LONDON (Reuters) - Exercising three times a week reduces the odds of developing depression by around 16 percent, scientists said on Wednesday — and for every extra weekly activity session, the risk drops further.
In a study conducted as part of a public health research consortium, the UK-based scientists said the relationship they found between depression and exercise points to ways to simultaneously improve both mental and physical health.
“Assuming the association is causal, leisure time physical activity has a protective effect against depression,” said Snehal Pinto Pereira of University College London’s Institute of Child Health, who led the study.
“If an adult between their twenties and forties who isn’t physically active became active three times per week, they would reduce their risk of depression by approximately 16 percent.”
Depression is one of the most common forms of mental illness, affecting more than 350 million people worldwide. It is ranked by the World Health Organization as the leading cause of disability globally.
Treatment for depression usually involves either medication or psychotherapy, or a combination of both. Yet many patients fail to get better and suffer recurring bouts of illness.
Pereira’s team followed 11,135 people born in 1958 up until the age of 50, recording their depressive symptoms and levels of physical activity at regular intervals as adults.
To assess depression, they looked at responses to the Malaise Inventory, a questionnaire designed to measure psychological distress, at ages 23, 33, 42, and 50. Participants were also asked how often they exercised.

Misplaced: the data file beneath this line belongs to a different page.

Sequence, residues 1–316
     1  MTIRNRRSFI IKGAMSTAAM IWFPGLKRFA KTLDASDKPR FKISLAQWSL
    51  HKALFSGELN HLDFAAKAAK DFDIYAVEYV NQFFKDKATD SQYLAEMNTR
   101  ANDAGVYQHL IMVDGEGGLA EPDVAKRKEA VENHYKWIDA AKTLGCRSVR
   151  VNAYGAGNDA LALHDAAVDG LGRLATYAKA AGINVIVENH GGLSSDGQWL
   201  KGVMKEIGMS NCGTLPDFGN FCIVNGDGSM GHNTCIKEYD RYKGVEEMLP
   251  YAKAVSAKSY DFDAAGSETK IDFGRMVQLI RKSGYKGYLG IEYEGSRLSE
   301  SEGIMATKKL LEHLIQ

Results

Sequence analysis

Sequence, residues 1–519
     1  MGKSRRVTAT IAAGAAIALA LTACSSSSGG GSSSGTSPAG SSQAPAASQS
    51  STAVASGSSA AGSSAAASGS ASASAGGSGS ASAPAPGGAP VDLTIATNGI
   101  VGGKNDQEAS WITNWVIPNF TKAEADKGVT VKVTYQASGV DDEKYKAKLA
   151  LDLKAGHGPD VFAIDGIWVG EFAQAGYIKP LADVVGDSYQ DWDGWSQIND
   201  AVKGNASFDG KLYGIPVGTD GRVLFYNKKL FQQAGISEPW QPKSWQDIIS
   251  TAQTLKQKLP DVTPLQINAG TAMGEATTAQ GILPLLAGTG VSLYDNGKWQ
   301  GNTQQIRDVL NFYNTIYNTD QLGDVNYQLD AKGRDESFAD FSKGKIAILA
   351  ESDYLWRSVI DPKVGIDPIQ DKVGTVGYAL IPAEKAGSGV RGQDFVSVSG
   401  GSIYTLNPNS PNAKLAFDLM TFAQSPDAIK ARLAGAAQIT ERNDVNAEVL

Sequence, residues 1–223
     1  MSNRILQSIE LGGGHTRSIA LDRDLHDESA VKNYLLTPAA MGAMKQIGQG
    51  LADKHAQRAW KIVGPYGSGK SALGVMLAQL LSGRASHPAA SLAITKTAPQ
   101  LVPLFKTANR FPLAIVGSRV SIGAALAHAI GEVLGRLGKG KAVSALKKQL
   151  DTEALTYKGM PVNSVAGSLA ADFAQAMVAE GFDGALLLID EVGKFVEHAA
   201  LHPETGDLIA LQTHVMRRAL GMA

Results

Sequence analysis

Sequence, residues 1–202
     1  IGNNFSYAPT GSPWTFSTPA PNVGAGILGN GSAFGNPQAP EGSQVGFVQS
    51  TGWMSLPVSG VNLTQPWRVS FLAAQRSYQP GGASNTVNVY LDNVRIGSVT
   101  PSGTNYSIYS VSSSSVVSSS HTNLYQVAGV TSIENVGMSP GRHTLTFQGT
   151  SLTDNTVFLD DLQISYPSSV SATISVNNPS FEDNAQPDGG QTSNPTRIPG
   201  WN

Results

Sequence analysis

The results showed that people who increased their weekly activity reported fewer depressive symptoms, but those with more depressive symptoms were less active, particularly at younger ages. Each additional activity session per week reduced odds of depression by 6 percent.
The scientists noted that the link between exercise and depressive symptoms was seen across the whole population and not just in those at high risk of clinical depression.
The study also found that people who reported more depressive symptoms than others at age 23 tended to also be less physically active, but this link weakened as they grew older.
“This finding is important for policies designed to get people more active, because it suggests that depressive symptoms could be considered a barrier to activity in young adulthood,” Pereira said.
Chris Power, a UCL professor of epidemiology and public health who also worked on the study, said it added weight to existing evidence suggesting exercise could be used as a treatment for depression as well as boosting physical health.
“If everyone was physically active at least three times a week we would expect to see a drop in depression risk, not to mention the benefits for physical health, as pointed out by other research, including reduced obesity, heart disease and diabetes risk.”
Editing by Susan Fenton